7 tips for generous and authentic networking
Networking is problem-solving — which may explain why we enjoy it so much. Developing a real connection requires understanding a need and addressing it in a way that wouldn’t be possible alone. One of the many lessons we’ve learned while living through a pandemic is that connecting with other humans is essential; a lack of social connection isn’t sustainable, personally or professionally.
After more than a year of Zoom meetings, vaccination rates are increasing in the U.S., clothing sales are up, and salons are booked. We are ever-so-tentatively considering what a “re-entry” to social and business networking might look like — and how we can bring our best selves to it. No matter where you are or how you’re approaching “real life” meetups, it’s helpful to consider some core tenets of making meaningful connections. Last week, the Luminary Labs team welcomed Susan McPherson to a virtual discussion about her new book, The Lost Art of Connecting, which she describes as “a guide to reclaiming the power of human contact.” We appreciate her generous and authentic approach to networking; here are a few of the tips she shared with us:
Embrace new communities. Ensuring diversity and inclusion in your network requires intention; you’ll have to seek new ways to break out of your bubble. Listening is key to understanding new groups and communities — and you can often do your research and observe online before jumping into conversations. If you’re in a new place or developing expertise in a new area, consider joining a nonprofit as a volunteer; it’s a good way to meet people while also contributing to the community.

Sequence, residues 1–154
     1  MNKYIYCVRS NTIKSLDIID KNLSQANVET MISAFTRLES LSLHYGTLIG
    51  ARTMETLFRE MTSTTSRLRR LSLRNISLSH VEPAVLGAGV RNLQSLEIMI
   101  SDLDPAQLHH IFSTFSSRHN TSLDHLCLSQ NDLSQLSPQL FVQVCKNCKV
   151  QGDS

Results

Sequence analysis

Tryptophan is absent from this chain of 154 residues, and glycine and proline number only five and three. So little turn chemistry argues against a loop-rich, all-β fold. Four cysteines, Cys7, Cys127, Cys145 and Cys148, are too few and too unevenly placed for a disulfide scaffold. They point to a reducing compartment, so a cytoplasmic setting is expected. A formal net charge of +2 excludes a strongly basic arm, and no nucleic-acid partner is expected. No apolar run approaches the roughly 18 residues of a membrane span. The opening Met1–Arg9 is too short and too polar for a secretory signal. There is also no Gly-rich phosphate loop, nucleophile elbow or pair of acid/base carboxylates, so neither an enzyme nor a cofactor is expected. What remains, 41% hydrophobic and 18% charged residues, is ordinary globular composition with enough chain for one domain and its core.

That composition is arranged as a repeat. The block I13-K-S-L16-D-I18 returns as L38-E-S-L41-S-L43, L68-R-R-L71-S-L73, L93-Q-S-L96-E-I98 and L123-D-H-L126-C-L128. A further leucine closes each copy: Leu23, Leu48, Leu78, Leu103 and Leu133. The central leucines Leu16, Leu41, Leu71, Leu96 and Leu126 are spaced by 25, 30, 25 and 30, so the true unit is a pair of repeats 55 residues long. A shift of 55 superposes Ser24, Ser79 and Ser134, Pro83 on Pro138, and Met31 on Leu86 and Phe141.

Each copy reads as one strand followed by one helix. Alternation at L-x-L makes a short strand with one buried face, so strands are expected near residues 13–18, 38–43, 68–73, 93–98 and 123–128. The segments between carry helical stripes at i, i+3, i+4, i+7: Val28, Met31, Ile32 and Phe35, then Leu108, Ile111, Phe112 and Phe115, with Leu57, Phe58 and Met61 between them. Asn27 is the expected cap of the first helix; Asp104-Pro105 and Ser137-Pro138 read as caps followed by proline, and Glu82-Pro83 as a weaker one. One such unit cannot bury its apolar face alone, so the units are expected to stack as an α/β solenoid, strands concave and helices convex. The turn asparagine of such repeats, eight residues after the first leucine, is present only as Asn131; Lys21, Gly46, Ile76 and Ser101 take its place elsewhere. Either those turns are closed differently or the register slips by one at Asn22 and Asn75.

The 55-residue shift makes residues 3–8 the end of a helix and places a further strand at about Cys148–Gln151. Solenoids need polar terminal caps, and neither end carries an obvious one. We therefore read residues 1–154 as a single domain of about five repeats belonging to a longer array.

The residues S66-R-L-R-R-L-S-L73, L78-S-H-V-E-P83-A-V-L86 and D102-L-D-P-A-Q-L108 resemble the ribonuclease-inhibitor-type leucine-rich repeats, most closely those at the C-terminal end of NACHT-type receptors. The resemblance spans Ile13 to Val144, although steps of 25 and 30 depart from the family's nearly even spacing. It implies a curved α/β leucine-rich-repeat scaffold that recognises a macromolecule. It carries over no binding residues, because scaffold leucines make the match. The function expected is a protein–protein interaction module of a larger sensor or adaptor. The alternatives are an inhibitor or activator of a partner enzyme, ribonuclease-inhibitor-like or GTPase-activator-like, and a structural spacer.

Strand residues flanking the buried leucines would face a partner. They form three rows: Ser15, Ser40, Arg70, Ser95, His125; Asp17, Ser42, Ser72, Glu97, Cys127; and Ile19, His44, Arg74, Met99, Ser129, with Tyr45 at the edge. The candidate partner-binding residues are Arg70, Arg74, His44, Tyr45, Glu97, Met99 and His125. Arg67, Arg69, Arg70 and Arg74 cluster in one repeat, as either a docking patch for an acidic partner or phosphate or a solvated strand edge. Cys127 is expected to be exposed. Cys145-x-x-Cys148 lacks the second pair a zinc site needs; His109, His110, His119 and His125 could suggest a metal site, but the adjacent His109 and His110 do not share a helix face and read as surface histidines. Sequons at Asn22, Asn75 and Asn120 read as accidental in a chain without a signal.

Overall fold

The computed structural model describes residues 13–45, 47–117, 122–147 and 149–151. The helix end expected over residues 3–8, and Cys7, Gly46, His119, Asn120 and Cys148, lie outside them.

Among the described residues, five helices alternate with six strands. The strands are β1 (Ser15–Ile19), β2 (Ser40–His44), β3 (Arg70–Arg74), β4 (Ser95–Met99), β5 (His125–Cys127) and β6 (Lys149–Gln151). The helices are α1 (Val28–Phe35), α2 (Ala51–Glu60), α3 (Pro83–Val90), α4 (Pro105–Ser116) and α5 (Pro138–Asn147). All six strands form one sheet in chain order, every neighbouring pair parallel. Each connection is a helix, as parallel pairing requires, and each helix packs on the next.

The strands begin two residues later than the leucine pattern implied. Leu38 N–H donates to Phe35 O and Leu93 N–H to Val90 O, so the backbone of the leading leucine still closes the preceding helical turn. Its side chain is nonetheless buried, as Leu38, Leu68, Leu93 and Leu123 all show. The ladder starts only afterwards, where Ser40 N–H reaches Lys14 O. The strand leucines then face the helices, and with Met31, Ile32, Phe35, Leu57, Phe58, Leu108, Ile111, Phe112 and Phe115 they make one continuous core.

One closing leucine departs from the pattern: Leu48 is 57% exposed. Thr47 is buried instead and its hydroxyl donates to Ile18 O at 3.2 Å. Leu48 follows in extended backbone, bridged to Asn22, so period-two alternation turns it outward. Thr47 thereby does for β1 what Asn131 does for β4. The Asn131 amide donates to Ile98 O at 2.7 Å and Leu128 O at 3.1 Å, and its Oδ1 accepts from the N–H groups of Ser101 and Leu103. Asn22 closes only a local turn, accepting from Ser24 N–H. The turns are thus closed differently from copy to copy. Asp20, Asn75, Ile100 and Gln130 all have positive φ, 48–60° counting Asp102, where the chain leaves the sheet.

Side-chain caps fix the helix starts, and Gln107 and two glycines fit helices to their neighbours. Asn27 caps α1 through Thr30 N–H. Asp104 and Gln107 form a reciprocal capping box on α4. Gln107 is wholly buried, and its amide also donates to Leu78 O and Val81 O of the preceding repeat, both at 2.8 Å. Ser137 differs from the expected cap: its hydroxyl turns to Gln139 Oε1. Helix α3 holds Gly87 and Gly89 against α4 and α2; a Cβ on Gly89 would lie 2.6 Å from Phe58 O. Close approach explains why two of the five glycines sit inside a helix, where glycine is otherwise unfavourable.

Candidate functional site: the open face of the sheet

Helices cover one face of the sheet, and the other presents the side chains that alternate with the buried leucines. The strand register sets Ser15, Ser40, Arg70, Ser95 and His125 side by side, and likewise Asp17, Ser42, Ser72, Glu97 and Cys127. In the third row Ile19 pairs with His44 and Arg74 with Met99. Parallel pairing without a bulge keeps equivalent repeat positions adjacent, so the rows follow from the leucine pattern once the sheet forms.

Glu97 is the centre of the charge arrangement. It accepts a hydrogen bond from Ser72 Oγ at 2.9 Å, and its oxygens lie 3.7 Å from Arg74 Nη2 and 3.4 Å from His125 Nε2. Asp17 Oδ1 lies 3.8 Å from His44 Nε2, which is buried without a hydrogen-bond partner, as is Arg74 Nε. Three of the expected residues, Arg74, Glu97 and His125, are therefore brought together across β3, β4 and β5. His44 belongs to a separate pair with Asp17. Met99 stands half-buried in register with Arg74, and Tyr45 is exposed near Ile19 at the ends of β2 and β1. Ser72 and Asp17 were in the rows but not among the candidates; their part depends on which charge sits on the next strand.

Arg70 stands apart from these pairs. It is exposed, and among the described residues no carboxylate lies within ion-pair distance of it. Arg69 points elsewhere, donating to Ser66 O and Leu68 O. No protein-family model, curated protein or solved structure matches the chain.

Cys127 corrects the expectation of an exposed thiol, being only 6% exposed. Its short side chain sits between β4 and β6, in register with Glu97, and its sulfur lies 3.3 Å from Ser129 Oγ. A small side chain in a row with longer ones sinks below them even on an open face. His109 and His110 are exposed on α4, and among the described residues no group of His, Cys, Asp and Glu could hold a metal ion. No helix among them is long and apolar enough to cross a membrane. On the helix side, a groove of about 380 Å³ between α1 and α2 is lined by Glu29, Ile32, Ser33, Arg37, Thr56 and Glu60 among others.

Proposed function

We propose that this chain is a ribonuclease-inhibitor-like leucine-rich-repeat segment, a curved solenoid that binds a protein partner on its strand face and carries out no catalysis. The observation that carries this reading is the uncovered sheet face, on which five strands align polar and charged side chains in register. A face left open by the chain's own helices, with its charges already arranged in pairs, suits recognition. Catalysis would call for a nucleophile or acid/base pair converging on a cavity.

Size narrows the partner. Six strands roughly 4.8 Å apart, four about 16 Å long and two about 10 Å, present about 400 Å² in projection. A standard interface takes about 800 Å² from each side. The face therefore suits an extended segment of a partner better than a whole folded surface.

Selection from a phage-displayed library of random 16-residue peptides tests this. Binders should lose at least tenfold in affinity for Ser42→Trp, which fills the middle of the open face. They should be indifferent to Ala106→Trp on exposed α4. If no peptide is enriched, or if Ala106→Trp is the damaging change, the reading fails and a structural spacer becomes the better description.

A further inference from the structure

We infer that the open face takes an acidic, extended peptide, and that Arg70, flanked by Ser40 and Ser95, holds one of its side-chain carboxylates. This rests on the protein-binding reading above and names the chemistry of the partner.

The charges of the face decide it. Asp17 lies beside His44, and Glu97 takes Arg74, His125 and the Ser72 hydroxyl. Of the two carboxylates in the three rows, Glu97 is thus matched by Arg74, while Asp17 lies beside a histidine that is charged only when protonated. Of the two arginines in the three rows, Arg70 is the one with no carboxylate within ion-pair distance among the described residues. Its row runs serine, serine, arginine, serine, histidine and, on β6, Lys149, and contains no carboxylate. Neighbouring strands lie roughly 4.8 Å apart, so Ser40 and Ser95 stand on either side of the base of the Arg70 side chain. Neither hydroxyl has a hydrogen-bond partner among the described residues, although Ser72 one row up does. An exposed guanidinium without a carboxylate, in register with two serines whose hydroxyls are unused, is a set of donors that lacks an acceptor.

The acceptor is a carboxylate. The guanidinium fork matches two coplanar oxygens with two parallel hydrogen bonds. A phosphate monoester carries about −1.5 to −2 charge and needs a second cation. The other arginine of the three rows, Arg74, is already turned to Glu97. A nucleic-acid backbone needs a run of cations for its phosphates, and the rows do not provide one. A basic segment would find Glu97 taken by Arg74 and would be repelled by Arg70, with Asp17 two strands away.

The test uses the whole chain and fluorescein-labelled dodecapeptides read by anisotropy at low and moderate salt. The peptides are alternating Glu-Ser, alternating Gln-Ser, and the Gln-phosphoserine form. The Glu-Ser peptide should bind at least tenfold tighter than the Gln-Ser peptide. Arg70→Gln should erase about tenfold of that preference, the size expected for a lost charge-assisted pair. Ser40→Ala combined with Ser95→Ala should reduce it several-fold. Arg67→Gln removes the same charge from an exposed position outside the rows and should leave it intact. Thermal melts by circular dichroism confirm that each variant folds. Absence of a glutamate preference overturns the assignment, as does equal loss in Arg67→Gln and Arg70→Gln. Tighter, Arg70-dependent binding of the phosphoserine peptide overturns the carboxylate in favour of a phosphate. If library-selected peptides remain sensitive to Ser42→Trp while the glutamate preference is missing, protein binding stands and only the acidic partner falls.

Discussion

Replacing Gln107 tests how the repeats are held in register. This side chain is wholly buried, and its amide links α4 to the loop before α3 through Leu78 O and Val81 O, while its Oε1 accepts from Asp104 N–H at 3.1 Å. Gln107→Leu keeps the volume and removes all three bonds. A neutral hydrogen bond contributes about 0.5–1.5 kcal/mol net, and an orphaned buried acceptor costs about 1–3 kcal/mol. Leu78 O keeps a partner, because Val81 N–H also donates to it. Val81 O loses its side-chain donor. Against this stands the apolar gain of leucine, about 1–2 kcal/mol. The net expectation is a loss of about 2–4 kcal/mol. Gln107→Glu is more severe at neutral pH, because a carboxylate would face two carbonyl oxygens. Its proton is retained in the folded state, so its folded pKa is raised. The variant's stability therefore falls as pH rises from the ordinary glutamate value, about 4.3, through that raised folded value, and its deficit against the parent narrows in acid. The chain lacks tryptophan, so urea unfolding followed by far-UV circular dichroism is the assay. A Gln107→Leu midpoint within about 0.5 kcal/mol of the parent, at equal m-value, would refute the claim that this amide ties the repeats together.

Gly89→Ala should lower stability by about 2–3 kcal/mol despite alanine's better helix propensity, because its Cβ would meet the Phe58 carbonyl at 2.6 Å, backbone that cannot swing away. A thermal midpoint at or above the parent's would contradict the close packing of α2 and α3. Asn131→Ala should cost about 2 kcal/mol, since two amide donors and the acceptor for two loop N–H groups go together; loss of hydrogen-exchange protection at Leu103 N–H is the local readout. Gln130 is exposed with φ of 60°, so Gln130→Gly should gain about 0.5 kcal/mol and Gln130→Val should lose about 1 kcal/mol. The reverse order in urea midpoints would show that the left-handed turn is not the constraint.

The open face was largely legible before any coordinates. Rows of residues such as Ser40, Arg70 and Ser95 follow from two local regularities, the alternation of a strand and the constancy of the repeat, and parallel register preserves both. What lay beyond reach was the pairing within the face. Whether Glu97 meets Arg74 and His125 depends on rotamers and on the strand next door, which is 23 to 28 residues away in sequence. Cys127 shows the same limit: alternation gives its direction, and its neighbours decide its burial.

Tap into the “power of three.” If you feel overwhelmed at a networking event or other situation with a group of unfamiliar faces, set a goal to meet three people, learn three things, and share three things. You don’t have to have a deep conversation with everyone in the room.
Treat everyone like a VIP. Every person, no matter who they are, has a story and something to offer. It’s nice to connect with executives or influencers, but it’s a mistake to assume that others are less useful additions to your network.
Ask deeper questions. Don’t be afraid to be a little bolder with starting conversations. Instead of a simple “how are you?” or a comment about the weather, ask someone what they’re finding challenging at the moment or how they would describe their feelings today. This approach feels particularly relevant at the moment, when people have so much going on. And deeper questions can build rapport while also providing clues for how you can be helpful.
Listen for clues. If you’re asking questions and listening with intention, you can easily find ways to connect — even if it’s over something small, like a favorite food. Knowing these details makes it easier to send a thoughtful, authentic follow-up and demonstrate that you’re paying attention.
Use ideas to make introductions. If you see an article or encounter an idea that reminds you of more than one person, send a joint message and introduce them to each other. Email and social platforms make it easier than ever to connect people via group message.
Do “future you” a favor. Follow-up is often the supervillain that defeats good intention. Use your calendar: Set an appointment or reminder to check in with connections. You’ll be able to capture the momentum of the moment without overextending yourself.